Chapter #5 - Passing and Receiving
Here's a summary of this chapter....
Passing is the quickest and most effective way to move the puck up the playing surface
because puck movement is faster than player movement. There are many reasons for passing
the puck during a roller hockey game; to quickly bring the puck out of the defensive zone,
to defeat a defender, to create a numerical advantage (i.e., 2-on-1 or 3-on-2), or to
setup a great scoring opportunity. Each type of pass serves a unique purpose in terms of
catching the opposition off guard and gaining positional advantage. The speed and change
in flow provided when making a pass allows the offense to open up many exciting
opportunities to get the puck into a scoring situation.
After deciding on a particular receiver, three factors to consider when executing an
effective pass are accuracy, timing, and deception. A fourth factor is what you do after
the pass is made.
- Accuracy. Accuracy is determined by the ability of the passer to read the speed
and intended direction of the receiver in relation to his own speed (if the passer is
moving). Once the passer gauges any difference in relative speed, he can lead the receiver
with a pass that should arrive at the same location and time as the receiver's stick.
Being able to accurately and consistently put the puck on a receiver's stick will allow
you, and your team, to effectively employ many individual and team strategies.
- Timing. Deciding when to pass should be based on improving your team's offensive
situation. If a teammate is in a better position than you are, always pass the puck. This
rule is most frequently broken when the puck carrier carries the puck past a defender when
there is a teammate up ahead or he holds onto the puck too long, allowing a defender to
get too close. Consequently, the open player has to continue to stay open or, in the case
of the close-in defender, the puck could be intercepted, deflected by a stick or skate, or
blocked. It is better to make the pass too soon and ahead, than too late and behind. If it
improves your team's situation, pass the puck!
- Deception. Many passing attempts are spoiled because players telegraph their
intention. Telegraphing occurs when the passer looks at the potential receiver and lines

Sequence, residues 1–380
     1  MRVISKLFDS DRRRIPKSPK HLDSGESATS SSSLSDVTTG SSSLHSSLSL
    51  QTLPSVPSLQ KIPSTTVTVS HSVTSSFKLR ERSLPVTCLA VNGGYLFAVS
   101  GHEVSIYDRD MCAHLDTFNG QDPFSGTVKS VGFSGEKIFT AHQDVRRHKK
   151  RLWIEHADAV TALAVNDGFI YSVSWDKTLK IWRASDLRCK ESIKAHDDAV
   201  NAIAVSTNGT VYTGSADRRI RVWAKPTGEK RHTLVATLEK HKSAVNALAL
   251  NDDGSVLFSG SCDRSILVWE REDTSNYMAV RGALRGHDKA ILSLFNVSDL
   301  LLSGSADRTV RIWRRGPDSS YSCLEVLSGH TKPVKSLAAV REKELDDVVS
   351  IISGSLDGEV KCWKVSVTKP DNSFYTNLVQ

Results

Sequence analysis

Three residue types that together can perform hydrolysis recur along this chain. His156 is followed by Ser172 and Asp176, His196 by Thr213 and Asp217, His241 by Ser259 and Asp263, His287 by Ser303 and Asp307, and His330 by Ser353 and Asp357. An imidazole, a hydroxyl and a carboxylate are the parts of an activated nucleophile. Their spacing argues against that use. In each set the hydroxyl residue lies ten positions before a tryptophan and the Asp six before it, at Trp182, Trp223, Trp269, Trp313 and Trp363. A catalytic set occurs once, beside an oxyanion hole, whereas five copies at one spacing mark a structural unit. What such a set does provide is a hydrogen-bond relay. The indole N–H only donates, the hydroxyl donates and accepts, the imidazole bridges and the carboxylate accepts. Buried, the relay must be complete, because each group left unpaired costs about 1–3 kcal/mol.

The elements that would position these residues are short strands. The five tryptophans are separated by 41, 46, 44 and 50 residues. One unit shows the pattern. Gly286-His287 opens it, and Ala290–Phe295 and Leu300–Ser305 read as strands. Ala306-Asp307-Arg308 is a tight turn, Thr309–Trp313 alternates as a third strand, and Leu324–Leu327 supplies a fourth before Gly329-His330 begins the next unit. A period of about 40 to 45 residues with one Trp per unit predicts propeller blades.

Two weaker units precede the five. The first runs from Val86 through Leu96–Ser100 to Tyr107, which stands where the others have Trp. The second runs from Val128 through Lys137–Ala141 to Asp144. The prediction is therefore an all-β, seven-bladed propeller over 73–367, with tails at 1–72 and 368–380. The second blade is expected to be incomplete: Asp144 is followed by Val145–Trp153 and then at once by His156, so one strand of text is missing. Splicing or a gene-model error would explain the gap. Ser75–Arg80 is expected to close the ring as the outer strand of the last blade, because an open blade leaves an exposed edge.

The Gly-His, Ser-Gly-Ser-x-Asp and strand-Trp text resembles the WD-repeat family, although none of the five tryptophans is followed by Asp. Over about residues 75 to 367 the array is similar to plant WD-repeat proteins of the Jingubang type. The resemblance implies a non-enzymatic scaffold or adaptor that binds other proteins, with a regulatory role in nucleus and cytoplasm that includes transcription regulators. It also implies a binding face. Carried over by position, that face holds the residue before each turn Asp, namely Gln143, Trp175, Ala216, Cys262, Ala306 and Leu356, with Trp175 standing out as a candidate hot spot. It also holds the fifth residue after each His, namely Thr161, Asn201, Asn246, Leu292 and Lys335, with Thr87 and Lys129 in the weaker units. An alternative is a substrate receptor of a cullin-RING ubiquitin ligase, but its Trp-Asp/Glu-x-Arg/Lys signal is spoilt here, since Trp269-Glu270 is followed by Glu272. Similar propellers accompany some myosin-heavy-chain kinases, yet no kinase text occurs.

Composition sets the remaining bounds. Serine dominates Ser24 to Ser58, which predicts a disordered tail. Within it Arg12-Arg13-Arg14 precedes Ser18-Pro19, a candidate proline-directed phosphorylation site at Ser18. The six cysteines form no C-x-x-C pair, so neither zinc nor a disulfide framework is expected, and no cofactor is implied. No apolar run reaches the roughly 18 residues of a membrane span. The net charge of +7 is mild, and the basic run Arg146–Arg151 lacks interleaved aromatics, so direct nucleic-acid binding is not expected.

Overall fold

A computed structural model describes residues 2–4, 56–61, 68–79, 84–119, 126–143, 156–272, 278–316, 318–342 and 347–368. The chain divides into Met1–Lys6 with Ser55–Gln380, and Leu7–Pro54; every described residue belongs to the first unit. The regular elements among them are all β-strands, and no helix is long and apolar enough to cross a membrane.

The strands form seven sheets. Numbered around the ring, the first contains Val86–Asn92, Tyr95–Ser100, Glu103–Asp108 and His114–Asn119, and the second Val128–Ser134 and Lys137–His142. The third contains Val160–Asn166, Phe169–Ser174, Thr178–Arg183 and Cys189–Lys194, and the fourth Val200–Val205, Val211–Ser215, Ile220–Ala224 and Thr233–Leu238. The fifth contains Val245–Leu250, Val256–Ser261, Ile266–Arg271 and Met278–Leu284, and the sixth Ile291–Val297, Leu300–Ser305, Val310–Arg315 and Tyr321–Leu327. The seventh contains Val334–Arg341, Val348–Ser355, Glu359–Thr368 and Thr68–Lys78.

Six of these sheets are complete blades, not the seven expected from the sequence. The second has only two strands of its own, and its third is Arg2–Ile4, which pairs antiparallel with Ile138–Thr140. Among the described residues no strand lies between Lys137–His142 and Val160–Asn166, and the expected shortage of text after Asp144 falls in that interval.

up the passing play without any deception. This allows not only the receiver to know where
the pass will be made, but the defenders as well. A good idea before attempting a pass is
to read the coverage, then react with a deceptive move to fake or confuse the defenders.
This could be a quick fake, as if you were going to carry the puck yourself, and then pass
the puck to the receiver. A factor in using deception is peripheral vision. Good play
makers have excellent peripheral vision, to the side (and down) when looking ahead. This
enables them to line up a receiver without giving away their intention by looking directly
at the receiver. By employing deceptive techniques, you will provide a receiver with
additional time and space to set up many scoring situations.
- When you pass, break! One of the most common individual faults after making a
pass is failing to stay in the play. Players often make a pass and then watch to see what
happens. The moment the player makes the pass, he should get into position for a return
pass, break for the net, or decoy a defender away from the play. Breaking fast after the
pass creates many options for your team.
The role of the receiver consists of three basic tasks: to locate an open area on the
playing surface to receive the pass, to communicate to the passer that you are or will
soon be available, and to capture the pass effectively.
- To locate open space and become available for a pass, a potential receiver should move
to an open area on the playing surface that is, in general, in the direction of the play.
Many times a receiver needs to deceive the defender so that he can get open. Do this by
using body fakes, changing direction, or varying speed. Just as a passer needs to avoid
telegraphing his pass, a receiver must camouflage his moves.
- Receivers also have the responsibility of indicating to the puck carrier, either
verbally or non-verbally, whether or not they are open for a pass. Calling the player by a
first name or nickname can be effective, but opponents may know this name. Non-verbal cues
can be audible, such as tapping your stick on the playing surface or the boards, or
silent, such as raising your stick or pointing to the open space that you intend to move
to. Receivers must appreciate the task faced by the puck carrier in attempting to make a
pass, given the forechecking pressure and the speed of the game. This is why receivers
need to be patient and keep trying to find open space. Timing your arrival to an open
space, by controlling your speed and direction, is the key to successfully supporting the
puck carrier and getting open.
- Capturing the pass is the receivers third role. Receiving a pass requires practice and
soft hands. If the pass bounces off the stick of the receiver, the player has hard hands.
If the player is able to cushion the puck using his arms and a relaxed grip of the lower
hand, that player has soft hands. Sometimes, soft hands may not be enough to receive a
pass since passes are not always perfectly on-target. Receivers should also expect to make
some type of adjustment, such as reaching for the puck, angling toward or away from the
puck. slowing down or speeding up, or using their skates to redirect the pass onto the
stick. Controlling and protecting the puck from your opponents allows you more time to
execute your next move, whether it is passing, stickhandling, or shooting, Even before the
pass is completed, the receiver should have some idea of his next move, such as driving
for the net, passing, shooting, or carrying the puck. Anticipating the next action is a
skill that all great roller hockey players have.